Recently, a co-worker tried to convince me that the book she is reading is a young adult book. I took one look at it and was like, nope. “But it has the teenage protagonists, and a coming of age story.” Still not YA. And then she asked me, “So what makes something YA?”
And like that, I was stumped. I could instantly tell her book wasn’t a YA book, but my feeble attempts to explain it to her were met with resistance. I googled, and discovered this (though I do not agree with all the points).
So without further ado, I give what YA is and how to tell if a book is YA.
- YA is not a genre.
YA is not a genre. It is a category, and a recommended reading level within the realm of children’s books. In this category, there are genres, but let’s be straight: if I hear you say the “Young Adult Genre”, I might need to send you a glitter bomb
- Just because a protagonist is a teen/young adult does not make the book a young adult book.
One of my favorite writers, Maria V. Snyder, wrote her debut book, Poison Study, with a younger protagonist. I imagined an 18-20 year old (years later, I discovered it was more like 25). Reading that book, it reminded me of several YA books. Was it YA? No. Does YA often feature a teen protagonist? Every dang time. Do Adult books feature teen protagonists? Yes. Catcher in the Rye does. But in no way does having a teen protagonist equal being YA.
- Coming of age does not equal young adult.
Say it with me: coming of Age does NOT equal young adult. Sometimes I feel like telling the people who tell me coming of age equals young adult that they need to read more. In undergrad I took a class called “Coming of Age”, we did not read a single young adult book. I read Adventures of a Simpleton by Hans Jacob Christoffel von Grimmelshausen and Into the Wild by Jon Krakauer. Shockers, both are adult titles. Coming of age is a thing you do when you are a teen, but it is by no means exclusive to being a teen. Hell, I am still “coming of age” and I am well passed legal drinking age.
- There is something to the cover.
Remember my post on book covers? Well, I will remind you again that book covers are invaluable. Young Adult books advertise they are young adult books on the cover. The next time you go to a bookstore (please do for this exercise; it does not work as well on Amazon), take a minute and look at the covers of different genres. Romances almost always have a man and a woman in an intimate embrace; biographies always feature their subject; thrillers and mysteries are usually dark. So when I say the cover can tell you different genres, I mean it.
- When in doubt, look at the imprint.
There are people in the world who don’t know which publishing house, and imprint at that house, a book comes from. You’re not expected to. As a publishing professional, I always look because I need to know. If Atria (Simon & Schuster) published a book, it is not young adult. If I see Simon Pulse (also, Simon & Schuster), then I know it’s YA. There are some gray areas here, but this is a 99% guarantee of a book’s status.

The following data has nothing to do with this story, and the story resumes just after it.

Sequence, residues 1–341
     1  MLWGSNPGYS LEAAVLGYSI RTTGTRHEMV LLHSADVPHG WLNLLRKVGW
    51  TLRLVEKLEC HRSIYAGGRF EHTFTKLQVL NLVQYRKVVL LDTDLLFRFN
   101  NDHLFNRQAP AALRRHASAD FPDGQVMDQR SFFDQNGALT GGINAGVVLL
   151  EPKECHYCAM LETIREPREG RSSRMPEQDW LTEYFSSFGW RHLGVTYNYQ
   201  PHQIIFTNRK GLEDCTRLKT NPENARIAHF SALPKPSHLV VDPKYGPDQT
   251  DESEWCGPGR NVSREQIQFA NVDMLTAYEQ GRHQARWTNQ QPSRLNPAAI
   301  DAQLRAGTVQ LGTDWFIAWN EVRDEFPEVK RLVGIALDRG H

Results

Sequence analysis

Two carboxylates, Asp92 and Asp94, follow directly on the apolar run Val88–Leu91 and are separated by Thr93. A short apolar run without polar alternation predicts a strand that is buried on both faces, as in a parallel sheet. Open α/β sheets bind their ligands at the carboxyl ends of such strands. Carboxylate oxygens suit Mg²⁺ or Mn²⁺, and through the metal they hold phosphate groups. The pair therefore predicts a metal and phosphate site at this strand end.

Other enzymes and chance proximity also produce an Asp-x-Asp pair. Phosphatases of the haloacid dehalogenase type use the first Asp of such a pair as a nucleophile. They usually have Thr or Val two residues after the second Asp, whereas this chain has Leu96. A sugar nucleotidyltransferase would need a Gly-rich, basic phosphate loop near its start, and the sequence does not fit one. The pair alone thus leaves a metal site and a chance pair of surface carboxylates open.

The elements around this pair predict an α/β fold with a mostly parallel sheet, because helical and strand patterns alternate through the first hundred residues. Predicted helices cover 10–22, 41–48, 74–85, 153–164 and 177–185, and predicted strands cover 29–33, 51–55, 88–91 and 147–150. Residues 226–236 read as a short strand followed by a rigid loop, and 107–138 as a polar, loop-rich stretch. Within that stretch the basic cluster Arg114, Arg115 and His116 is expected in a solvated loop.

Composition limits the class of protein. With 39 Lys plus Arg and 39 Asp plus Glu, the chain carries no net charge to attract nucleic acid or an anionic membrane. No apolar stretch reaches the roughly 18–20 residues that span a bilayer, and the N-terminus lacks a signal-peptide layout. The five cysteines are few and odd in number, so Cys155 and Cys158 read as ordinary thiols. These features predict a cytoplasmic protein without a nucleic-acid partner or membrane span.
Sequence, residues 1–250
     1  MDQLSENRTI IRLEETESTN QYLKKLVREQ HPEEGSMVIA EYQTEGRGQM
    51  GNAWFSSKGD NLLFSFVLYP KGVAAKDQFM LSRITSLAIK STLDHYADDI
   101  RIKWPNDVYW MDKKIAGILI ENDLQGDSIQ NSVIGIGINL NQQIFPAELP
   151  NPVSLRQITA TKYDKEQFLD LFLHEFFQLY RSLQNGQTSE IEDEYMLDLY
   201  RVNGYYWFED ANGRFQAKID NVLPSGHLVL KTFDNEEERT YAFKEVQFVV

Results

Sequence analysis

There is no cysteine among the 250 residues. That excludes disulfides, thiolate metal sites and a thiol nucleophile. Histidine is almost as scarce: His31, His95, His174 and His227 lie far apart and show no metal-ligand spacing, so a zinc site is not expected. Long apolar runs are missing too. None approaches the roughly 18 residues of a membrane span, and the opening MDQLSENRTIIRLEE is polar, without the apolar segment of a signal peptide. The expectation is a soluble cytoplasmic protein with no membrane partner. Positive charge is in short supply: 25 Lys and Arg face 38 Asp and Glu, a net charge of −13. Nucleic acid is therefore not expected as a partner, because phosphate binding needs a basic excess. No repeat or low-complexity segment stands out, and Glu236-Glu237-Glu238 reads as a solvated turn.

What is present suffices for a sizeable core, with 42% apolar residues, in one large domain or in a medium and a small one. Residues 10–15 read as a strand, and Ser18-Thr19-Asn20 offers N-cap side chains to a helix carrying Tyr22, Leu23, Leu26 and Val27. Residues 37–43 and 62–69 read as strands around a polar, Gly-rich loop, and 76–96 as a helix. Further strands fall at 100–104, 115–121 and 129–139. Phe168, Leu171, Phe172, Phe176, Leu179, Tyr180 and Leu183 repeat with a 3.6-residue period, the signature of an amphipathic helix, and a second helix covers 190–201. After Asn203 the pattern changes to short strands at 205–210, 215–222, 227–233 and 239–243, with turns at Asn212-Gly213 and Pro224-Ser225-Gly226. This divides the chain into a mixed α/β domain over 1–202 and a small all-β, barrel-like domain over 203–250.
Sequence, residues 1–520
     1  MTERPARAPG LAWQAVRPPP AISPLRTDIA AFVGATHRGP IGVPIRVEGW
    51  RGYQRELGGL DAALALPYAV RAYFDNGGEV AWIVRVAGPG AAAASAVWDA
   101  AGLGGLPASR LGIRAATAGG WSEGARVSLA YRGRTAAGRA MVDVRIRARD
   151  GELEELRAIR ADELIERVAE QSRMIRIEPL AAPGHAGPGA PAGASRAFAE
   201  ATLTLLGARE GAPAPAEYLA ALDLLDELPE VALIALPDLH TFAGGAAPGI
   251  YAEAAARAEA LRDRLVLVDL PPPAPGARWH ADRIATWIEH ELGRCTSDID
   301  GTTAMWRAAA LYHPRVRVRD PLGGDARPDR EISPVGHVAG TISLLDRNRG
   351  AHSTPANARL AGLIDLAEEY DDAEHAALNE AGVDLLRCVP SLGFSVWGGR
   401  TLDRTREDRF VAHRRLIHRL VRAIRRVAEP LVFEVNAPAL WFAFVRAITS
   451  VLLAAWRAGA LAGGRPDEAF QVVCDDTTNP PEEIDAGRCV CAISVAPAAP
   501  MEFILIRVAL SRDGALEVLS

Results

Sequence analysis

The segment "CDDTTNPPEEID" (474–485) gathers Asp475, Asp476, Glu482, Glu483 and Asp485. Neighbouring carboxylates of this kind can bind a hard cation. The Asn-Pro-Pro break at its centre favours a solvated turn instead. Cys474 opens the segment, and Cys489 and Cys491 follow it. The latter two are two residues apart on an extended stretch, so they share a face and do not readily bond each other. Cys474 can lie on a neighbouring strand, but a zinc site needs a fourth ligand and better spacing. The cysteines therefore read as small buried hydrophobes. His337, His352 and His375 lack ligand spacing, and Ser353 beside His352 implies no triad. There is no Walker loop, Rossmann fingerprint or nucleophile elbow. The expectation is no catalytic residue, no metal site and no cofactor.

But the problem was still nagging at me. And because I am a bit obsessive about YA, I decided to dig further. Luckily, I take detailed notes in class and hoard information sheets from my past internships for these very reasons.
When I got home, I closed my door and saw the most beautiful sight: this chart that breaks down YA. I saw this chart at one of my internships, and I wanted it. The chart breaks down the differences between younger YA and older YAs in regards to age ranges, binding styles (hardcover or paperback) and what to expect from the covers, and some notes on the general rules of content.
But I am still left wondering, what makes a book YA and others not?
So I dived into these bad boys:
As I am refreshing my memory see that the marketing and sales channels are different. Then I read the line that is the truth of the matter.
The Number One Way to Tell YA: the situations and how the characters react.
There are some situations we all go through as teens. Sure, I might have never have volunteered to be in the Hunger Games, but everyone has had to figure out the complexities of love. Even in adult books, these situations happen, but teens react differently.
You can say it is because their brains aren’t done developing; you can say they lack the hard won experience as the rest of us. But teens feel things more strongly: what made me cry for an hour after a middle school dance would not faze me now, but for a blimp of annoyance.
This is what makes YA. You can look at all the stats of the book, the cover, but the STORY and how the characters REACT is how you can tell a YA.
And if those fail you, then …